Overview of Legislative and Government Protection

Under valid Ukrainian legislation a wide range of objects are subject to State registration and protection: architectural monuments and monuments to the art of engineering, along with natural and human-made elements, monumental works of sculpture and painting, archaeological objects, caves with evident traces of the presence of man, buildings or rooms in which authentic evidence of significant historical events or the lives and activities of important people is preserved. Issues of the protection of objects of cultural heritage have been designated as priorities. These cover a whole range of measures associated with the protection and preservation of the traditional character of the environment of historically inhabited places and environments in the Ukraine, which has acceded to the Convention on the Preservation of World Cultural and Natural Heritage.

At present in the Ukraine there are official records for more than 140,000 objects of cultural heritage and 132,000 historical and archaeological monuments and items of monumental art, of which approximately 500 are of national importance. There are 15,600 urban and architectural monuments, of which more than 3000 are monuments of national importance.

We will also discuss architectural and urban monuments. Along with the Kiev monastery complex - Kiev-Pechersk Lavra - and the historical centre of Lviv, the Saint Sofia Cathedral was included on the UNESCO World Heritage List. At present, preparations are being made to include the historical areas of certain towns, such as Kamyanets-Podilsky, Odessa, Chernigiv, Uman and others on the aforementioned list.

At the end of September 2001, an international conference was held in Odessa with the participation of responsible employees of State and public heritage institutions, scientists and specialists from the Ukraine, Russia, Poland and Greece. This conference was organised by the State Committee for Issues of Construction, Architecture and Housing Policy of the Ukraine, the Ukrainian Committee of ICOMOS and the state administration of Odessa, and its central theme was the preservation of historical towns and urban monuments and also the inclusion of the historical area of Odessa on the UNESCO list.

Individual heritage units and complexes with an exceptional historical value were declared as State historical-cultural reservations. At present the Ukraine has 56 of these reservations, of which 12 have been granted the status of national reservations. In addition to this, 402 towns and municipalities of the urban type have been included on the List of Historically Inhabited Places of the Ukraine. In addition, the relevant material is being prepared for the purpose of including villages on this list: more detailed information about the protection of historical monuments in the Ukraine can be found on the Internet: www.heritage.ort.kiev.ua on the page Monuments of the Ukraine.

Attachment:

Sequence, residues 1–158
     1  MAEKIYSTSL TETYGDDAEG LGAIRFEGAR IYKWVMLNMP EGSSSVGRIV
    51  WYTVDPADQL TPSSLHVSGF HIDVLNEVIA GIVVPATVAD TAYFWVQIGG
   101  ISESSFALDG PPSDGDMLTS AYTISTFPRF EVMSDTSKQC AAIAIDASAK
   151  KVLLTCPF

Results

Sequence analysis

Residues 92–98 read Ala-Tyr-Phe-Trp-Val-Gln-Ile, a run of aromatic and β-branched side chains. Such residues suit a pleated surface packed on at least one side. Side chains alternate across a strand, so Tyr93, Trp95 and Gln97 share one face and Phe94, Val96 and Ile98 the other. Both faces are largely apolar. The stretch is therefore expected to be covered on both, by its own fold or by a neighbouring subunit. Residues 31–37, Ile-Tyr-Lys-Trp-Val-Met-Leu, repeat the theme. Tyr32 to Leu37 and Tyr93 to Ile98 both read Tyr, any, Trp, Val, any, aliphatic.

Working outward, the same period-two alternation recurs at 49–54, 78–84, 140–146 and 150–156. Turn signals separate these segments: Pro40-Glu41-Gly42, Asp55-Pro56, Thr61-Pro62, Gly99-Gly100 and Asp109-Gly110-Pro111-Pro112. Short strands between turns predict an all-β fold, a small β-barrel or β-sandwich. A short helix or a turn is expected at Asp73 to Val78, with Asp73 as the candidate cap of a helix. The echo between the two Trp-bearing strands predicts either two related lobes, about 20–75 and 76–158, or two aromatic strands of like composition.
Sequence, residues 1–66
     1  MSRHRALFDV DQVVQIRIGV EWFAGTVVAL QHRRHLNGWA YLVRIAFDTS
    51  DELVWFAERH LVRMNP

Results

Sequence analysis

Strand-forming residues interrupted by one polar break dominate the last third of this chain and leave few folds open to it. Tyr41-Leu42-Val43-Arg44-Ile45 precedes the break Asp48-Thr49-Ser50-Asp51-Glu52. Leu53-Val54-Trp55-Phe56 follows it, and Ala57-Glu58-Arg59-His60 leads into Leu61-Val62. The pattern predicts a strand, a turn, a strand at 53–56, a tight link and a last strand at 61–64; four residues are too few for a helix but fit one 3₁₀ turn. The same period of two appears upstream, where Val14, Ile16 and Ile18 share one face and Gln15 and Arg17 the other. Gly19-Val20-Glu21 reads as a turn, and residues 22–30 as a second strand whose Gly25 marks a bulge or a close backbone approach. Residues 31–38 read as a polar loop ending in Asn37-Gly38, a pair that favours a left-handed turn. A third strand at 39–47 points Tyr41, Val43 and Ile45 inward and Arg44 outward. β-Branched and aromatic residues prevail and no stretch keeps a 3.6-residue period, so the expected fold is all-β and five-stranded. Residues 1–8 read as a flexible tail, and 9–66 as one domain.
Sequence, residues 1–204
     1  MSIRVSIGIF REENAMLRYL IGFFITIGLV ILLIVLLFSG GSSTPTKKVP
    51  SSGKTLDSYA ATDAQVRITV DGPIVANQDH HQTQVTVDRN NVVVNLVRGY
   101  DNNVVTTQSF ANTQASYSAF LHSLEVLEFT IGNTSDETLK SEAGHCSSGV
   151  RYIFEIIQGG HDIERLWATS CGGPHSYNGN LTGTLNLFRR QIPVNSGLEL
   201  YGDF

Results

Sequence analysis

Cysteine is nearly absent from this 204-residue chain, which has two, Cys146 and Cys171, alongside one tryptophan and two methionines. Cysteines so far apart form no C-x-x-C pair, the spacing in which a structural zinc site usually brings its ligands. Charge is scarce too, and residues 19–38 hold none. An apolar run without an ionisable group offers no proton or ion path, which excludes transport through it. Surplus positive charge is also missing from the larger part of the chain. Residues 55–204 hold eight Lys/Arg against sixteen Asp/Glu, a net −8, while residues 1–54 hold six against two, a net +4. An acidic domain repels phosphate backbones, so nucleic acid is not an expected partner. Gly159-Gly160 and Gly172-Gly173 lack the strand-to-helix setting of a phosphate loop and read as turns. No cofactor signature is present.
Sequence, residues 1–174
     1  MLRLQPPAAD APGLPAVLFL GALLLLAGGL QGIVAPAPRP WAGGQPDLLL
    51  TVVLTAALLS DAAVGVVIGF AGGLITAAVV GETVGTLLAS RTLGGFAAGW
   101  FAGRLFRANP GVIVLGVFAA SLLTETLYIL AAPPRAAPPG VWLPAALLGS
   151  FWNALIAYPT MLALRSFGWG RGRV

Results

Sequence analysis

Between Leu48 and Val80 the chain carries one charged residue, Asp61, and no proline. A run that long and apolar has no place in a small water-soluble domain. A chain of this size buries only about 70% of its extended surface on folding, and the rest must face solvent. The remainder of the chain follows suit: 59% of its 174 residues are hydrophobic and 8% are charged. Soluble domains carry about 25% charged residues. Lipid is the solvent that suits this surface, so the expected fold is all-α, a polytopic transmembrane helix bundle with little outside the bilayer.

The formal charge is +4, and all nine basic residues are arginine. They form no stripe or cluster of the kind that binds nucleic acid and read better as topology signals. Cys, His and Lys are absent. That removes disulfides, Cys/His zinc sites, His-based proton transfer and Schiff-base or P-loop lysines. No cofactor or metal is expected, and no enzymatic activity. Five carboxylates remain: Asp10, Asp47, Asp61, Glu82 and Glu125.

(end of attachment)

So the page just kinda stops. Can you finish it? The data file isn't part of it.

Restoration Programmes

Steps for the protection and restoration of monuments in compliance with valid legislation are implemented using the resources of owners or users and their financing is also ensured by a special part of the Ukrainian State budget. In recent times, resources from the State budget have been used to restore the buildings of the Kiev-Pechersk Lavra, the Saint Sofia Cathedral, the Church of Saint Cyril in Kiev, the Cathedral of Saint George in Lviv, Cathedral of Saint Volodimir in Sevastopol and many other important monuments. In addition to this the Michajliv Zolotoverch Monastery and the Dormiant Cathedral of the Kiev-Pechersk Lavra in Kiev, the shrine of the Ukrainian People that was barbarically destroyed in the 20th century, have been renewed and restored. Several long-term State programmes have been prepared that focus on the restoration of monuments in towns such as Chigirin, Halich, Katnyanets-Podilsky, Gluchiv, Zbarazh, Odessa, Novgorod-Siversky and others that are now in progress. A special government resolution was adopted, and restoration work is being carried out on the Theatre of the Odessa Opera, and rehabilitation work is being carried out on the architectural and archaeological monuments of the former Hetman’s capital Baturyn, where the cultural layer following the tragic events of 1708 remained preserved and which is acknowledged as a standard archaeological monument from the 17th century.

It is particularly important to mention the State programme for the preservation of the historical part of Lviv, which has been included on the UNESCO World Heritage List. A significant part of the mediaeval buildings of this city are at risk as a result of the negative impacts of hydro-geological factors.

Looked at in general terms, a significant part - virtually every tenth monument - is in an unsuitable technical condition and some of them are even in a state of devastation. More than 200 architectural monuments of national importance (approximately 10%) require urgent work in order to avert destruction, as well as basic conservation work. The existing unsatisfactory state of architectural and urban monuments, especially those that are used by budget-funded offices and institutions, is the result of cuts in the financing of restoration work by the State (seven times from 1995 to 2000).